Euthanasia pleas rejected by Lords

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CALLS for Britain to follow the example of the Netherlands and introduce some form of regulated euthanasia have been unanimously rejected by the House of Lords.

Although deeply moved by individual accounts of ill people who had longed for the release of an early death, the Lords said 'mercy killing would place pressures on elderly and vulnerable people to request it'. 'It would also be next to impossible to ensure that all acts of euthanasia were truly voluntary, and that any liberalisation of the law was not abused,' they said.

However, they endorsed patients' rights to refuse any medical treatment; agreed doctors should not take extraordinary measures to preserve life whatever the circumstances; and endorsed doctors' rights to give increasing doses of pain relief to patients, even if such treatment shortened life. The Lords called for improved support for the hospice movement, more training in palliative care and suggested greater use of 'living wills' - where patients can express, in advance of any illness affecting their mental faculties, their preferences and priorities.

The issue of euthanasia was thrown into the spotlight by two recent cases. The first was that of Tony Bland, left in a persistent vegetative state after the Hillsborough disaster. Although his brain stem was effectively dead, he had been kept alive by artificial feeding and hydration. His parents had to apply to the courts for permission to allow doctors to remove the feeding tubes and let him die.

The second was that of Dr Nigel Cox, the rheumatologist convicted of attempted murder after giving a dying patient in terrible pain a potentially lethal injection.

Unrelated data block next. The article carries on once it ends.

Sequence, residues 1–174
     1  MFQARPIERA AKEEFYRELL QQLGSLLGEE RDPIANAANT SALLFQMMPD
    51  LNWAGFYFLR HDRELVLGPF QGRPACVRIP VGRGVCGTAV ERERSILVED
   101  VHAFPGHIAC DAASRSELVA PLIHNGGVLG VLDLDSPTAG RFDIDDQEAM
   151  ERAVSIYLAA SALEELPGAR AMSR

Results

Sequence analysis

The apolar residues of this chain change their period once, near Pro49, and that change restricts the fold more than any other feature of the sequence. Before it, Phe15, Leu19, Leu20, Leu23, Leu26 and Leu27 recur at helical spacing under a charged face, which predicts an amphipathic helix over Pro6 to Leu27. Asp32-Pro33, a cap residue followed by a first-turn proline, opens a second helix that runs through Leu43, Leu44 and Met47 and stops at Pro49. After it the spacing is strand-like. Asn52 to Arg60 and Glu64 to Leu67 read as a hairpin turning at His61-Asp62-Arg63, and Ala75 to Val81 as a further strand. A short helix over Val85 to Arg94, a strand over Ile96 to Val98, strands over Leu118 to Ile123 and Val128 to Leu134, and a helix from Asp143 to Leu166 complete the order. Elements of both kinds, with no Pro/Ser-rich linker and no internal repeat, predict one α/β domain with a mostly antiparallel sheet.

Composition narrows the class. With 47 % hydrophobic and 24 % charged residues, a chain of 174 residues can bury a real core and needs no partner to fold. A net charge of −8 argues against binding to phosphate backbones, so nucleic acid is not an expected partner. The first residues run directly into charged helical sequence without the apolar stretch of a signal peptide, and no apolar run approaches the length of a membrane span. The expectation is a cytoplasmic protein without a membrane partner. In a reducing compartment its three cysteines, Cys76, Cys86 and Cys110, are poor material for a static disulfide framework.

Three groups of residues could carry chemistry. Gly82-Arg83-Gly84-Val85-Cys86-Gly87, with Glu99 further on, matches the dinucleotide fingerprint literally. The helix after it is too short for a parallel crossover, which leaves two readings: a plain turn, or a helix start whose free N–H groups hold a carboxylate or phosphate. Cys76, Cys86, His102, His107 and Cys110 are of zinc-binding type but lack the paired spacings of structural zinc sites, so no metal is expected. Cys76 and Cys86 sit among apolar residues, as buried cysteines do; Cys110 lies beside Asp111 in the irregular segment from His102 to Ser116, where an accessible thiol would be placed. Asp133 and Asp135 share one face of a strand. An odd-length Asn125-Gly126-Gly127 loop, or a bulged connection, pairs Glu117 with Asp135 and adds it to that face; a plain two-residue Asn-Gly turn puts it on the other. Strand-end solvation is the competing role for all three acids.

But yesterday the all-party Lords select committee on medical ethics said cases such as that of Mr Bland should not have arisen. Inappropriate treatment which 'will add nothing to the patient's well-being as a person' need not be given, they said. However, health experts should define 'persistent vegetative state' and draw up guidelines for its management, which include full treatment and monitoring of the patient for at least 12 months before withdrawing care, they said.

Further, they rejected calls for the introduction of an offence of 'mercy killing' to cover cases such as that of Dr Cox. Instead, the Lords called for an end to the mandatory life sentence for murder.

The British Medical Association, which had strongly opposed active intervention to end a patient's life, said: 'Any doctors who feel compelled by conscience to intervene to end a patient's life . . . must be prepared to justify their decision in a court of law and to the General Medical Council.'

Bryan Appleyard, page 21